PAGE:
My primary research interest as well as much of my teaching and service to the community centers on the area of media literacy education. While media literacy is considered a part of the curriculum in many countries around the world, here in the United States where we produce a great deal of the world’s media, curiously enough, media literacy education lags far behind.
Those of us who are deeply committed to this field of study strongly believe that it is difficult to discuss the topic of literacy without addressing the media, since our students live in a media-saturated world. It is no longer possible for us to avoid the influence of the media, for they too are "teaching our children" and their messages and potential impact can in no way be ignored.
As Director of the NW Center for Excellence in Media Literacy (www.nwmedialiteracy.org) I am directly involved in the field of media literacy education. Our Center has been very active since the early 1990s in using media literacy as a strategy to address health issues such as teen pregnancy prevention, substance abuse prevention and violence prevention as well as more recently, the areas of nutrition and physical activity. As an example of our work, we are currently collaborating with Washington State University on a 5-year program designed to evaluate the impact of a family-based media literacy approach to improving youth and family nutrition. This program is made possible with funding from the U.S. Department of Agriculture (USDA). Support for the Center’s work focusing on nutrition issues has come from a variety of sources including Public Health-Seattle & King County, National Institutes of Health (NIH), and U.S. Department of Health and Human Services (HHS).
The Center continues to maintain a strong interest in providing curricula which involve teens both during program development as well throughout the implementation phase when they serve as teen leaders presenting these materials to their classes and after school programs. Our programs addressing sexual and reproductive health as well as tobacco prevention are examples of our work made possible with support from the Washington State Department of Health (DOH), Washington State Office of Superintendent of Public Instruction (OSPI), American Legacy Foundation and Centers for Disease Control and Prevention (CDC).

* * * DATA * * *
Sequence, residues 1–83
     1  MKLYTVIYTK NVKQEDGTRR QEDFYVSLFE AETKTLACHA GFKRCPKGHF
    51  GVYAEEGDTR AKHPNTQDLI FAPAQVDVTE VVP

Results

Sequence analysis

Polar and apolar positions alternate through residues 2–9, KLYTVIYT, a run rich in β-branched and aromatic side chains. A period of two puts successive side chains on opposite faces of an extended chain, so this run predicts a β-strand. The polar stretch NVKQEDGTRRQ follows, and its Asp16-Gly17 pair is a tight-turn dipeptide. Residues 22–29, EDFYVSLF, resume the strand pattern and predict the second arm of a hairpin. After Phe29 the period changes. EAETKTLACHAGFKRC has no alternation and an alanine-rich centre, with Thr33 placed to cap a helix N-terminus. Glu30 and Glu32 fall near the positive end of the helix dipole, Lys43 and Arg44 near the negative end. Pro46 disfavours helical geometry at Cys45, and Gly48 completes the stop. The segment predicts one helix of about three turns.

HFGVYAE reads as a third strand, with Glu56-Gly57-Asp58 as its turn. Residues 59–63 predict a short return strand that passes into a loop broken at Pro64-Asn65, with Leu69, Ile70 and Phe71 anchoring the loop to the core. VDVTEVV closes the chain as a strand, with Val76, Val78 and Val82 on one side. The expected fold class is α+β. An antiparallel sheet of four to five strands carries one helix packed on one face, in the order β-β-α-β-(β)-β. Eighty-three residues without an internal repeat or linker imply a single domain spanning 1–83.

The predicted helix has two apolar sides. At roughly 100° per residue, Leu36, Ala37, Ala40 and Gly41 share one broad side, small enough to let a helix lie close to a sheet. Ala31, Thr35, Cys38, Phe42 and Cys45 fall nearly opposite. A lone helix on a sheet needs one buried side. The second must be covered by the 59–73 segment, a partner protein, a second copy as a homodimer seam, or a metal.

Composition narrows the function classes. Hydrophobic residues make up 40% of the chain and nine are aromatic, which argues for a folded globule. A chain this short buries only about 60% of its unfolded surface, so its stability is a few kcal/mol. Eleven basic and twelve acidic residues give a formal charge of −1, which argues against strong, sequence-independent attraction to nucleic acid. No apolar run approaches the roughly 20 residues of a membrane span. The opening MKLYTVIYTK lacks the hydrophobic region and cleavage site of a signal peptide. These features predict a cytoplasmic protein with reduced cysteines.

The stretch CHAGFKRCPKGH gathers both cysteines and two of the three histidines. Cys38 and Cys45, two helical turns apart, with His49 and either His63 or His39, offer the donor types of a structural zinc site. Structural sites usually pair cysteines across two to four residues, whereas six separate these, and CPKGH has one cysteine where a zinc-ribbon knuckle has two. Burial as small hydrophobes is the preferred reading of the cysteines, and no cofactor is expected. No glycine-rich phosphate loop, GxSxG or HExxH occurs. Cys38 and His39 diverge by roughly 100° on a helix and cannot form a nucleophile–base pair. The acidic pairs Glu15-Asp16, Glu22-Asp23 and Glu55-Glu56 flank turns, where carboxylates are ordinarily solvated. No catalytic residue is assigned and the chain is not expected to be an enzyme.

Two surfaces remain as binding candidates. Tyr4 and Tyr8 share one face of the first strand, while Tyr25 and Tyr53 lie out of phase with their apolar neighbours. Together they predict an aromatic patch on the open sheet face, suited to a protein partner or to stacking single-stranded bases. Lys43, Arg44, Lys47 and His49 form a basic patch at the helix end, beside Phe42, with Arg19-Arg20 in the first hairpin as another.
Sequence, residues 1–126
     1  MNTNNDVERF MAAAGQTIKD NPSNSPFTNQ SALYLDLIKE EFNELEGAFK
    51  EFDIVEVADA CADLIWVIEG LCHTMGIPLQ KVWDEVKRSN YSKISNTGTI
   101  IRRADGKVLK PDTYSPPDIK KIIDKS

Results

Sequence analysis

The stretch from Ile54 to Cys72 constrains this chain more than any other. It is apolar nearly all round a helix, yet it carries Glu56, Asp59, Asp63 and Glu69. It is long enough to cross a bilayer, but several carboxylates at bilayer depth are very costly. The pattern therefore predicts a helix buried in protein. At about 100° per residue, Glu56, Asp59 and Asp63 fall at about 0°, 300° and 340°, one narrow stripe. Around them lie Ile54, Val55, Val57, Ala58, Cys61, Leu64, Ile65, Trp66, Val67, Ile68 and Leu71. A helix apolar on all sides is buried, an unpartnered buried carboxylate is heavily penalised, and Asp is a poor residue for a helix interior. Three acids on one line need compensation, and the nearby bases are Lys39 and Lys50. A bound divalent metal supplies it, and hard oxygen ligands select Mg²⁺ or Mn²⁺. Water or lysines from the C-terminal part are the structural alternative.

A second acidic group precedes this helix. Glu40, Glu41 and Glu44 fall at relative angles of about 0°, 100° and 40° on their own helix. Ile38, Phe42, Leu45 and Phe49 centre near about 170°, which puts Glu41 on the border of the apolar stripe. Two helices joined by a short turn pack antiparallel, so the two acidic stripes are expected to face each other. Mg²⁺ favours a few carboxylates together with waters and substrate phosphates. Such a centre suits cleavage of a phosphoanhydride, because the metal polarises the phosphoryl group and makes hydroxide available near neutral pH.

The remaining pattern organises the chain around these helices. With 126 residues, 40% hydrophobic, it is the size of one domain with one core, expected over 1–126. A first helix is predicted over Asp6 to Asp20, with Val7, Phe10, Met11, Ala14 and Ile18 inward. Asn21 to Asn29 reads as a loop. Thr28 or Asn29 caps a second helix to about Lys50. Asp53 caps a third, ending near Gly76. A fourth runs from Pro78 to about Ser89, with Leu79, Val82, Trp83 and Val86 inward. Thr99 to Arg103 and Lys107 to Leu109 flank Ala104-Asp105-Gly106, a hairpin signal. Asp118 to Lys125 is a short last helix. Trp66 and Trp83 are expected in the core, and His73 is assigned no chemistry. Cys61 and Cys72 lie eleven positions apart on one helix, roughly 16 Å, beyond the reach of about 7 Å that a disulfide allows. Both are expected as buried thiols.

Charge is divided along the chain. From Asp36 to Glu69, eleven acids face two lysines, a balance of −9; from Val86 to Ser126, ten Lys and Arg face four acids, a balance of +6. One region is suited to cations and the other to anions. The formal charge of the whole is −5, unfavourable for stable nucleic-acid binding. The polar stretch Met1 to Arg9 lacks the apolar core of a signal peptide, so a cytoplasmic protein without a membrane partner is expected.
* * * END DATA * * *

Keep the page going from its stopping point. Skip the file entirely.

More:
I remain committed to fostering and promoting the area of media literacy education research and have served as chair for the nation’s first media literacy education summit held in 2007 and sponsored by the National Association for Media Literacy Education. Our Center here in the College of Education has also been responsible for organizing this region’s first conferences for teachers and health professionals focused on the areas of teen health and media literacy. The NW Center for Excellence in Media Literacy continues to offer numerous media literacy workshops and institutes throughout the region.
Ph.D., University of Washington, 1975
Pinkleton, B.E., Austin, E.W., Cohen, M. & Chen, Y. (in press) Assessing effects of a media literacy based intervention on U.S. adolescents responses to and interpretations of sexual media. Journal of Children and Media.
Pinkleton, B. E., Austin, E. W., Cohen, M. & Chen, Y. (2012). The role of media literacy in shaping adolescents' understanding of and responses to sexual portrayals in mass media. Journal of Health Communication: International Perspectives, 17:4, 460-476.
Pinkleton, B., Austin, E., Cohen, M. & Chen, Y. (2010, August). Media literacy as a catalyst for changing adolescents’ attitudes and behaviors toward sexual media messages. Association
For Education in Journalism and Mass Communication, Mass Communication and Society
Division, 2010 Conference, Denver. Selected to receive award for 1st place paper.
Pinkleton, B. E., Austin, E., W., Cohen, M., Chen, Y.*, & Fitzgerald, E. (2008).
Effects of a Peer-Led Media Literacy Curriculum on Adolescents' knowledge and attitudes toward sexual behavior and media portrayals of sex. Health Communication, 23, 462-472.
Pinkleton, B., Austin, E., Cohen, M., Miller, A, & Fitzgerald, E. (2007). Statewide evaluation of the effectiveness of media literacy to prevent tobacco use among adolescents. Health Communication, 21(1), 23-34.
Lisosky, J., & Cohen, M. (2007). A four-year study of a media and violence curriculum in Seattle Public Schools. Paper presented at Research Summit, Alliance for a Media Literate America, St. Louis, June.